4. Idealistic Studies: Volume > 36 > Issue: 3
Edward Beach Hegel’s Misunderstood Treatment of Gauss in the Science of Logic: Its Implications for His Philosophy of Mathematics
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This essay explores Hegel’s treatment of Carl Friedrich Gauss’s mathematical discoveries as examples of “Analytic Cognition.” Unfortunately, Hegel’s main point has been virtually lost due to an editorial blunder tracing back almost a century, an error that has been perpetuated in many subsequent editions and translations.The paper accordingly has three sections. In the first, I expose the mistake and trace its pervasive influence in multiple languages and editions of the Wissenschaft der Logik. In the second section, I undertake to explain the mathematical significance of Gauss’s discoveries. In the third section, I take a look at the deeper implications of Hegel’s treatment of Gauss’s work as a window onto the nature and limitations of analytic cognition. In conclusion, I seek to explain how the linear method embodied in deductive reason leads by its own inner principle, according to Hegel, to its dialectical Aufhebung (sublation). The result is a kind of deliberately circular reasoning that he describes as “the Absolute Idea.”
5. Idealistic Studies: Volume > 36 > Issue: 3
David Vessey Language as Encoding Thought vs. Language as Medium of Thought: On the Question of J. G. Fichte’s Influence on Wilhelm von Humboldt
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In this paper I take up the question of the possible influence of J. G. Fichte on Wilhelm von Humboldt’s theory of language. I first argue that the historical record is unclear, but show that there is a deep philosophical difference between the two views and, as a result of this difference, we should conclude that the influence was small. Drawing on a distinction made by Michael Dummett, I show that Fichte understands language as encoding thought while Humboldt understands language as a medium of thought. The consequences of this difference affect a wide range of issues from their views on the nature of personal pronouns, to their theories of communicative understanding, to their theories of the proper nature of inquiry into language.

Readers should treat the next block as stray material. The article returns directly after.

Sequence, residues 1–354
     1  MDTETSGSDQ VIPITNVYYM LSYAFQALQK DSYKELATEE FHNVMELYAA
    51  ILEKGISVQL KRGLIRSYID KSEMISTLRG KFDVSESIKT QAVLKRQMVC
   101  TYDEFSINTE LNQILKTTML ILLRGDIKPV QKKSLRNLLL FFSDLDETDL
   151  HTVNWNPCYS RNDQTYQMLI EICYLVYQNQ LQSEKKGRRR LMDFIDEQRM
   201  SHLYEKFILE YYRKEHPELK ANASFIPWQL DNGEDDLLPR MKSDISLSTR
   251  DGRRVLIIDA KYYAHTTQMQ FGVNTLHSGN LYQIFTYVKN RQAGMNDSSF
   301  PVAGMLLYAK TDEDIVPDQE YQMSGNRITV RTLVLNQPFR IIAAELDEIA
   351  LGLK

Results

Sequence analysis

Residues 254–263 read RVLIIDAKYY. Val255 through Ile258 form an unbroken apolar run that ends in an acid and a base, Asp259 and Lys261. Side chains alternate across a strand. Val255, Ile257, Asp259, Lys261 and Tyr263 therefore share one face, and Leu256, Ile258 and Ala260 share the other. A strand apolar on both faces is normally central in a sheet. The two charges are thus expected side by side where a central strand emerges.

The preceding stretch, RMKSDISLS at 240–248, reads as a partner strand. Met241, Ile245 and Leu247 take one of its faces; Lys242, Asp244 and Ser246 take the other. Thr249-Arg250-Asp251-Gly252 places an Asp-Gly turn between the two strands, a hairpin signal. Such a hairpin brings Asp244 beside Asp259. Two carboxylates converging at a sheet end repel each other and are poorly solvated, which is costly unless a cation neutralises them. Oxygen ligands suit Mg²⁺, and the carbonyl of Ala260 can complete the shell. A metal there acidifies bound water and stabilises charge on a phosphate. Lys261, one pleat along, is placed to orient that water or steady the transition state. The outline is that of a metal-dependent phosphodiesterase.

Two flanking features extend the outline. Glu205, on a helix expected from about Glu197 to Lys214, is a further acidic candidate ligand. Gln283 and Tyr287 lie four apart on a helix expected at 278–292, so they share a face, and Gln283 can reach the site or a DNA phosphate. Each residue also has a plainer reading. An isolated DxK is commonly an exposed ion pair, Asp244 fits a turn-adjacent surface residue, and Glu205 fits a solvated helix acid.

index
6. Idealistic Studies: Volume > 36 > Issue: 3
Volumes 26–35 Cumulative Index
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7. Idealistic Studies: Volume > 36 > Issue: 3
Volume 36 Index
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articles
8. Idealistic Studies: Volume > 36 > Issue: 2
Brian O’Connor A Missing Step In Kant’s Refutation of Idealism